Duets: Reworking the Catalogue (2015, RCA)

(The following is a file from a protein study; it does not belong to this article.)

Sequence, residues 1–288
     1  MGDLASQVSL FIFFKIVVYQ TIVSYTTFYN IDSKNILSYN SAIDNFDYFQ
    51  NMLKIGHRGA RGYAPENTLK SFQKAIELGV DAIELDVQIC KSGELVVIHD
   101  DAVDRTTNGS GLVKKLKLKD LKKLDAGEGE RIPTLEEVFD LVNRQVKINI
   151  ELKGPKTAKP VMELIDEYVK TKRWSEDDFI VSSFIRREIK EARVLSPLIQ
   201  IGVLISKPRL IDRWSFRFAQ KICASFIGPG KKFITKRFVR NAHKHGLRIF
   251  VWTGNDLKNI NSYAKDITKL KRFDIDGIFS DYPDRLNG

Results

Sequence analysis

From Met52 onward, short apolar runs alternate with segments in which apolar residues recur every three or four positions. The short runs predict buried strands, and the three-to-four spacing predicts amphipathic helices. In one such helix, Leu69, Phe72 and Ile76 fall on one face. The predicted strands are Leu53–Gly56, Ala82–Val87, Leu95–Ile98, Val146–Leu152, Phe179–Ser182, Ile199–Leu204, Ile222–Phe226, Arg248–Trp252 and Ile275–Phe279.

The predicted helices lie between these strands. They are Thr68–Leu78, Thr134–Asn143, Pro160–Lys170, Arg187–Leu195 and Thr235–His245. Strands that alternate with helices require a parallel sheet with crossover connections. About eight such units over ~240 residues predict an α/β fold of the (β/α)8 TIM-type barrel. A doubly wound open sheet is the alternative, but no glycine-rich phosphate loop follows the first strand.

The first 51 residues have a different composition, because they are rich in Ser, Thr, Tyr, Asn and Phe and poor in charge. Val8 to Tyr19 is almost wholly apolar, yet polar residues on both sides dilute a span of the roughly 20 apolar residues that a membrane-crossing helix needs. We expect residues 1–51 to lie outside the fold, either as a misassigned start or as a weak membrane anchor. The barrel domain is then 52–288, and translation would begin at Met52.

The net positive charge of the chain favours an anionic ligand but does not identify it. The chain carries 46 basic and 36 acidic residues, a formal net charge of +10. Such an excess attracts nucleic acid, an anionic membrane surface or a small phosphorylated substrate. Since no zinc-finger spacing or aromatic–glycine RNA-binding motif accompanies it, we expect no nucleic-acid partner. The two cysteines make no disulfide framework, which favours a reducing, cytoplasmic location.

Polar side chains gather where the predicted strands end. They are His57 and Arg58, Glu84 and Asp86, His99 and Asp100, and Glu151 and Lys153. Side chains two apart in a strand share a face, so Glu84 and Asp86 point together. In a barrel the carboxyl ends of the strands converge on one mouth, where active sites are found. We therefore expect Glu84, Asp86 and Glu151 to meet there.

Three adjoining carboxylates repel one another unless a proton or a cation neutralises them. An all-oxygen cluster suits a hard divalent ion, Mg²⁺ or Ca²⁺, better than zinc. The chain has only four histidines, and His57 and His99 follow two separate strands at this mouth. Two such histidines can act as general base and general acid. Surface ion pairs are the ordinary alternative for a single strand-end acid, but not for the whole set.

As blatant a stopgap release as Morrison has ever issued to the public, this disc finds the legendary singer revisiting songs – nearly all of them lesser-known album cuts rather than past singles, at that! – from his back catalog and re-arranging them as duets with a rotating cast of all-stars. While the concept of re-doing Down the Road’s “Whatever Happened to P.J. Proby?” with P.J. Proby himself is admittedly quite creative and amusing, there seems little other reason for this album to exist other than as a quick cash cow for Morrison and his label, even if Morrison’s choice of duet partners here is generally quite inspired and mostly successful. Steve Winwood (who guests on both vocals and organ) and Georgie Fame make fine fits, respectively, for “Fire in the Belly” and the ‘50s-tinged “Get on with the Show,” while Michael Buble is the perfect choice for Enlightenment’s brass-laden opener “Real, Real Gone.” Even better is the delightful re-working of Inarticulate Speech of the Heart’s “Higher than the World,” done here as a duet with – surprisingly enough – jazz great George Benson, who both sings and also provides some of his trademark guitar work; the unlikely pairing certainly seems a bit odd on paper, but it works magically and the new version of the song is both warmer than and arguably superior to Morrison’s original. The only duet that doesn’t really work is his re-working of “These Are the Days” with the late, great Natalie Cole, who does a fine job but whose warm voice and singing style simply sounds too awkward when juxtaposed with that of Morrison, the two singers having too little in common to make suitable duet partners. Overall, it’s a better disc than it has any right to be for a product of this nature, but, still, the original versions of these songs were perfectly fine, and, with the sole exception of “Higher Than the World,” none of these new recordings are likely to supplant the originals for most fans.